At least 40 people have been killed in a new US drone strike in Afghanistan’s troubled eastern province of Nangarhar.
The aerial assaults took place on Thursday night in the Achin district of the province, which is located 120 kilometers (74 miles) east of the Afghan capital, Kabul.
Local Afghan officials said that those killed in the aerial attack were members of the Takfiri Daesh terrorist group, which has gained a foothold in Nangarhar in recent months.
Afghanistan, parts of which have long been considered a bastion of Taliban, has recently been seeing the emergence and expansion of Daesh. Nangarhar, in particular, is one area where Daesh has visibly gained a foothold.
Meanwhile, a Kabul-based US military general claimed on Thursday that the nascent presence of Daesh in Afghanistan has dwindled since the US military stepped up strikes on militant hideouts in the troubled region.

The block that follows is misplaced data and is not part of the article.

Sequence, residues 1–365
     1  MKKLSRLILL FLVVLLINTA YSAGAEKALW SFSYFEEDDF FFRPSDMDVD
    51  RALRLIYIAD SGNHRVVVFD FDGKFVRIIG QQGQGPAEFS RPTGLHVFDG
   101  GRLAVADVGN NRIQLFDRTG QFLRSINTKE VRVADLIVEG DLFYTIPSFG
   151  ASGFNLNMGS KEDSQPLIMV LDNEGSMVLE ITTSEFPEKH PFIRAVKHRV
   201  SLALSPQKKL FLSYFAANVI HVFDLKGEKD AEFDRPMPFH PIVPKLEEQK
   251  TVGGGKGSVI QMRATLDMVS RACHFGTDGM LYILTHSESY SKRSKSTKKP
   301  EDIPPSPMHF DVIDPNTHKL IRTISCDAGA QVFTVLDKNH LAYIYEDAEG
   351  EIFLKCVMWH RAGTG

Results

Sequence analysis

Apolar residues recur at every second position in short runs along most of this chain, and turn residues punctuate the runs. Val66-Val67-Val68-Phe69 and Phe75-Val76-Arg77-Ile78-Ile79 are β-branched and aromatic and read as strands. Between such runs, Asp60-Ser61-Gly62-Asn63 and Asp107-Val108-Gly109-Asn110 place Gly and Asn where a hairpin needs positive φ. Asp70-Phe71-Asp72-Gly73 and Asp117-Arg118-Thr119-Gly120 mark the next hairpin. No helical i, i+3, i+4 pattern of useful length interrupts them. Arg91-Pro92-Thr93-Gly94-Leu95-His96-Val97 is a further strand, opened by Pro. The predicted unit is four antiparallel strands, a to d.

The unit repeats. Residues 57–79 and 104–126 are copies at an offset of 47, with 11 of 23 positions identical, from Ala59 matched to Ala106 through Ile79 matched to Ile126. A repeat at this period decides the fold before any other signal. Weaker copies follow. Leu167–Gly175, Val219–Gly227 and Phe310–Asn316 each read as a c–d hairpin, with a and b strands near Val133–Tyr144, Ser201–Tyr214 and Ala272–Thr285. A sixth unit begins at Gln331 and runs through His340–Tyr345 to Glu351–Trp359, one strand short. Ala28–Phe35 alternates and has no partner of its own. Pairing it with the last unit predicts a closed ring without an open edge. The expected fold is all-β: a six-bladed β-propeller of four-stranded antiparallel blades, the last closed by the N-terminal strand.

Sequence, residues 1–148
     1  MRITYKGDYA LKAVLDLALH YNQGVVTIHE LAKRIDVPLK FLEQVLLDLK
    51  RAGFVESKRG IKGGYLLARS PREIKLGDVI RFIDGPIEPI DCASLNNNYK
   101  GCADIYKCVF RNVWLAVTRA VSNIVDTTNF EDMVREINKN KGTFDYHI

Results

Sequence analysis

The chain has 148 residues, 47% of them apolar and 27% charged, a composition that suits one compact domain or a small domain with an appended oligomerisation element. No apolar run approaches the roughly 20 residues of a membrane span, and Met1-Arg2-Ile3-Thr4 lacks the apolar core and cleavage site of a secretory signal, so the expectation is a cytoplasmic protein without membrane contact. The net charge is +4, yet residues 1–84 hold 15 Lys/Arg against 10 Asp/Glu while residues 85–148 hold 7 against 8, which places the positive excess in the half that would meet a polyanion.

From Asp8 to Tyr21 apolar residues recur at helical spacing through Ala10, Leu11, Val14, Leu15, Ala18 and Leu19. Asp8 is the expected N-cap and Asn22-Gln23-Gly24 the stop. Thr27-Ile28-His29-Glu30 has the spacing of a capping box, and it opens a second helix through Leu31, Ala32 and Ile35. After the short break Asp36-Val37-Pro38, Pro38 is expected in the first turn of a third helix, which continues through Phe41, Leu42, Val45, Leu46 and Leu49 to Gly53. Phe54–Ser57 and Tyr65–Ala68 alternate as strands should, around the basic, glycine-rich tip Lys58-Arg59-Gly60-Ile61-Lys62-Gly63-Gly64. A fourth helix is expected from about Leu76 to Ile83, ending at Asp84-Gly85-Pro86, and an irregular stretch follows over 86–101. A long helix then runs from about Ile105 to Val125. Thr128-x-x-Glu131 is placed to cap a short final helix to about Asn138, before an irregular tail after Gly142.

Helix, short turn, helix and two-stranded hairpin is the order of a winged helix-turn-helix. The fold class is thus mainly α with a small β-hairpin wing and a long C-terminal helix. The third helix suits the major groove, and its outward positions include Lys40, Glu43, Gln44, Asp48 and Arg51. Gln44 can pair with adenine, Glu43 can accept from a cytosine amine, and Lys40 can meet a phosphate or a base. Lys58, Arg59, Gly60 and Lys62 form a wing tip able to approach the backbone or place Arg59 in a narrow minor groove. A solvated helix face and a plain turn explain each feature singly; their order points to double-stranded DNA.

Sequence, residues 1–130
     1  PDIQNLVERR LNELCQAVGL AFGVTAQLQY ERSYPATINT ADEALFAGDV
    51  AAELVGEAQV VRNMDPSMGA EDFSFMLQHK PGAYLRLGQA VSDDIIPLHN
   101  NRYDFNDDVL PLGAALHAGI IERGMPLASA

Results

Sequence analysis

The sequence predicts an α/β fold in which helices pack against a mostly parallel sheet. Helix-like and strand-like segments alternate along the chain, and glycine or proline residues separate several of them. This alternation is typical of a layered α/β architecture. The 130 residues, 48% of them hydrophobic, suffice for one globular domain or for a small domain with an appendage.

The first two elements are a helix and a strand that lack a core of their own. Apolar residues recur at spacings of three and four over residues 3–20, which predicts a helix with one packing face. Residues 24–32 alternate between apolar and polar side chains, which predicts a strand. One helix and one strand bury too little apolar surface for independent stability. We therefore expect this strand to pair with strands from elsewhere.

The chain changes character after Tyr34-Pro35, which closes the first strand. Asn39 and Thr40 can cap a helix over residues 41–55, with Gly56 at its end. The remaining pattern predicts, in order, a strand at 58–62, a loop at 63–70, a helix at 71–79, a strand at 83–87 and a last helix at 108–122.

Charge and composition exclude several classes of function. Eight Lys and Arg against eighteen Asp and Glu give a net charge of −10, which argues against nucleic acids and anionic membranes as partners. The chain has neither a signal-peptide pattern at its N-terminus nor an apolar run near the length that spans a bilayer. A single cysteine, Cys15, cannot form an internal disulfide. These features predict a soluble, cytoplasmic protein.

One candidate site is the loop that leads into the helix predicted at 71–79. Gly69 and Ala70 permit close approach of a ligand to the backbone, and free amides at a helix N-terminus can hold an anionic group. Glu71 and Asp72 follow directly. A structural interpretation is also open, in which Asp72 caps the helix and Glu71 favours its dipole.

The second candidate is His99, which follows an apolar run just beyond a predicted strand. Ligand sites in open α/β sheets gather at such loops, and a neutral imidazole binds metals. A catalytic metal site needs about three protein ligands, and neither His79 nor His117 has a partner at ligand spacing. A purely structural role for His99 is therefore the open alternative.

“The capacity of Daesh, we believe, has been lessened,” Brigadier General Charles Cleveland said, adding, “Their overall footprint in Nangarhar we do believe has been lessened as well.”
The US military estimates that between 1,000 and 3,000 Daesh fighters are operating across Afghanistan.
Daesh has been operating mainly in Iraq and Syria.
On June 16, 2015, the Afghan Taliban militant group warned Daesh ringleader, Ibrahim al-Samarrai, also known as Abu Bakr al-Baghdadi, against “waging a parallel insurgency in Afghanistan.
The CIA spy agency regularly uses drones for airstrikes and spying missions in Afghanistan as well as Pakistan’s northwestern tribal belt near the Afghan border. Washington has also been conducting targeted killings through remotely-controlled armed drones in Somalia and Yemen.
The US says the airstrikes target members of Taliban, al-Qaeda and other militants, but according to local officials and witnesses, civilians have in most cases been the victims of the attacks.
The rise of Daesh in Afghanistan and the continued Taliban militancy comes despite about a decade and a half of a US-led war against militancy in the country.